In spite of all the learn’d have said;
I still my old opinion keep,
The posture, that we give the dead,
Points out the soul’s eternal sleep.
In spite of all that the well-educated have said, Freneau tells us, he nonetheless holds the view that the posture in which European-Americans bury their dead — lying down — points out that the soul will sleep forever. He then says that was not true of the Native Americans:
Not so the ancients of these lands —
The Indian, when from life releas’d
Again is seated with his friends,
And shares gain the joyous feast.
The original inhabitants of the northeastern United States, the poet continues, did not bury as the European-Americans did. Instead, they buried in a seated position, as though the dead were again seated with their friends, sharing a happy feast of abundant food.
His imag’d birds, and painted bowl,
And ven’son, for a journey dress’d,
Bespeak the nature of the soul,
Activity, that knows no rest.
They were buried with images of birds, and painted bowls, and venison (deer meat) prepared for a journey; these expressed the real nature of the soul, the poet tells us — which is restless activity.
His bow, for action ready bent,
And arrows, with a head of stone,
Can only mean that life is spent,
And not the finer essence gone.
In the bow buried ready for use, with its stone-tipped arrows, Freneau sees the meaning that though life on earth may be spent — used up — gone, it is not so in the other world, where the finer essence of the person — the spirit — lives on.
Thou, stranger, that shalt come this way.
No fraud upon the dead commit —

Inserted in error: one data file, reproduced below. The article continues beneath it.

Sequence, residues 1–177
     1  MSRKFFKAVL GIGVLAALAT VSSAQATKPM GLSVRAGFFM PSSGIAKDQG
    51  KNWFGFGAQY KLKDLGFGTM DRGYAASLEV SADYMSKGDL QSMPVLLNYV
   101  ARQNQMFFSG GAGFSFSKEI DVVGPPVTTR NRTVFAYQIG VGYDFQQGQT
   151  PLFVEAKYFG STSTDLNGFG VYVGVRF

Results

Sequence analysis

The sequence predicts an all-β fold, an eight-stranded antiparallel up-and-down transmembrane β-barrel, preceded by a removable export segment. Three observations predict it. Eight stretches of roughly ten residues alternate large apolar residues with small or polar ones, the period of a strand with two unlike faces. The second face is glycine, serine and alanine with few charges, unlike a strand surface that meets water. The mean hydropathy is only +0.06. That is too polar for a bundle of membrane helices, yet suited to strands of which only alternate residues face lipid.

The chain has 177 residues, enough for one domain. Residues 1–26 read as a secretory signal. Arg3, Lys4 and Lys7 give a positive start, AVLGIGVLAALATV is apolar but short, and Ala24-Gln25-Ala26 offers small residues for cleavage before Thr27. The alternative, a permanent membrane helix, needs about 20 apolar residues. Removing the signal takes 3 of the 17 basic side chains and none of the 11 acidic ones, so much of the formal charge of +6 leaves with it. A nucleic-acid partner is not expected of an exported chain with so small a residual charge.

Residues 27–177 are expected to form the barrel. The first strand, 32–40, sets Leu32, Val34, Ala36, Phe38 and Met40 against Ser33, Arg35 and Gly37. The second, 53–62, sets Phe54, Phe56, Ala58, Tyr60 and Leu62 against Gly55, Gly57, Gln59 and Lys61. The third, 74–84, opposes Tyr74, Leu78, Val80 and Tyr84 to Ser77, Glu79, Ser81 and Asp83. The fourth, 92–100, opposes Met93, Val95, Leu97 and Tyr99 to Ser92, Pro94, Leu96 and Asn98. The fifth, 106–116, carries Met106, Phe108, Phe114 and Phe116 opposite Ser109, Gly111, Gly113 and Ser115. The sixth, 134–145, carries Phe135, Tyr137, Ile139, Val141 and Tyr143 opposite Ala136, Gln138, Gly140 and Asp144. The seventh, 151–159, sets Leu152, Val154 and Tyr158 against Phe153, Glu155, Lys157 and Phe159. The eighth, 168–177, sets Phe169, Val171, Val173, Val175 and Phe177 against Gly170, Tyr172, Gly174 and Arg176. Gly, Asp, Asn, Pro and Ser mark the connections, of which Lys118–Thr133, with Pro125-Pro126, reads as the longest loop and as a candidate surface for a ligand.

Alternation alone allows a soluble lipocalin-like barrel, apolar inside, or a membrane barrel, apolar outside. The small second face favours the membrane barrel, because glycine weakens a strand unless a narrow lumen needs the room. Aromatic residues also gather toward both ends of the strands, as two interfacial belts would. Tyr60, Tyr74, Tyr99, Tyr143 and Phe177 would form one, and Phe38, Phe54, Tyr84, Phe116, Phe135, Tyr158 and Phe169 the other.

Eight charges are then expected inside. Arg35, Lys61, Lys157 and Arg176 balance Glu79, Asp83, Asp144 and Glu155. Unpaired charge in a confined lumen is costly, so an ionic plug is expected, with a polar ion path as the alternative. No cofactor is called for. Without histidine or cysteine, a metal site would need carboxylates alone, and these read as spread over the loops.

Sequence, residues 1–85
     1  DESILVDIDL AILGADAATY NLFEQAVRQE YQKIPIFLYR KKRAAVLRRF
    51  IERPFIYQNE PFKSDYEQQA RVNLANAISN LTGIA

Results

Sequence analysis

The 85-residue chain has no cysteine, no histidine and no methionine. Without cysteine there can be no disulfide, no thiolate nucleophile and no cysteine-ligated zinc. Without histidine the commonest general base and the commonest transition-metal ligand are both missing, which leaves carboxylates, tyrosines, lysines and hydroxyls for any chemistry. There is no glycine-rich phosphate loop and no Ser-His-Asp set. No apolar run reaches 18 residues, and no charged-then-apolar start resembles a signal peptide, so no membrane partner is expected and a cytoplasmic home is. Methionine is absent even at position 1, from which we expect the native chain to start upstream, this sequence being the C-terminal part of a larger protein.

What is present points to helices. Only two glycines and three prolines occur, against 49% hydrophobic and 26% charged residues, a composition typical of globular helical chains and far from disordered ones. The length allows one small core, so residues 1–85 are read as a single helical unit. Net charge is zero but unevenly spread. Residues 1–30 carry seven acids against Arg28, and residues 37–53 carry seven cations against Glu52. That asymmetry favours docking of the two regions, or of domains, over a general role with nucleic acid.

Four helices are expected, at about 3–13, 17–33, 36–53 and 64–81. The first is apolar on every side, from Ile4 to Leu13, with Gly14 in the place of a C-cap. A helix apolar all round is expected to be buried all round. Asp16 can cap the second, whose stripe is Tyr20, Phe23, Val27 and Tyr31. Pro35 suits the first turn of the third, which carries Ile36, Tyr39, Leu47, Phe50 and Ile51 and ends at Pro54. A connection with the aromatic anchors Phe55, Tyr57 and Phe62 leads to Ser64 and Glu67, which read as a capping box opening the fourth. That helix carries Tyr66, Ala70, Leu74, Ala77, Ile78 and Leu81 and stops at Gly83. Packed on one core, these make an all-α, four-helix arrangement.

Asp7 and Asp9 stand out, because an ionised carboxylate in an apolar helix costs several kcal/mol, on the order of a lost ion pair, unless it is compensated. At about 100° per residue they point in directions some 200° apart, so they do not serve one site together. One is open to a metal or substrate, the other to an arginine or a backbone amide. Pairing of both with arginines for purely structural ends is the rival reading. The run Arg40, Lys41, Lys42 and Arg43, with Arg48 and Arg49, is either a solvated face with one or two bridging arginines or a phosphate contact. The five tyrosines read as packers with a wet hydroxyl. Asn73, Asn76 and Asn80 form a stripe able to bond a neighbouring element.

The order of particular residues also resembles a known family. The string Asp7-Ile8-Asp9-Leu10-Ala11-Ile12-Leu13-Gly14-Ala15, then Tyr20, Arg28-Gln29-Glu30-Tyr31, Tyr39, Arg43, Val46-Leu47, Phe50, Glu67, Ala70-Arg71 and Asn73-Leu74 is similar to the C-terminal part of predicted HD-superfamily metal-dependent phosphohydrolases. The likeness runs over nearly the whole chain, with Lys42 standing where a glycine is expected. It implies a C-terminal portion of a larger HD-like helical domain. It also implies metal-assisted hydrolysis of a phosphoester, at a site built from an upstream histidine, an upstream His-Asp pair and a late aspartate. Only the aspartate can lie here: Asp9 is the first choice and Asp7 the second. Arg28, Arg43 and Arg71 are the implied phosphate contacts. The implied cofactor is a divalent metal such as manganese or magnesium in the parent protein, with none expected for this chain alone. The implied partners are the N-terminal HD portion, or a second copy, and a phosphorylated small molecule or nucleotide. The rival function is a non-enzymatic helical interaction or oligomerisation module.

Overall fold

Observe the swelling turf, and say
They do not lie, but here they sit.
The poet cautions passers-by who may happen upon the native burial mounds that swell the earth above the burial, that they should not speak untruths about the native dead; do not say they lie here in the ground. They sit.
Here still lofty rock remains,
On which the curious eye may trace,
(Now wasted, half, by wearing rains)
The fancies of a older race.
Freneau tells us he knows of a high rock on which a curious person can still make out — though worn by years of rains — the drawings or petroglyphs created there through the creative imaginations of “an older race” — older because they were in eastern North America long before the arrival and colonization of eastern America by European-Americans.
Here still an aged elm aspires,
Beneath whose far — projecting shade
(And which the shepherd still admires
The children of the forest play’d!
The poet also draws our attention to an ancient elm tree. A European-American shepherd may in Freneau’s time appreciate the wide shade it casts, in which one may rest, but the poet sees it as a place where in earlier times “the children of the forest play’d — “the children of the forest” being a lovely description of the young of the woodland tribes of eastern America.
There oft a restless Indian queen
(Pale Shebah, with her braided hair)
And many a barbarous form is seen
To chide the man that lingers there.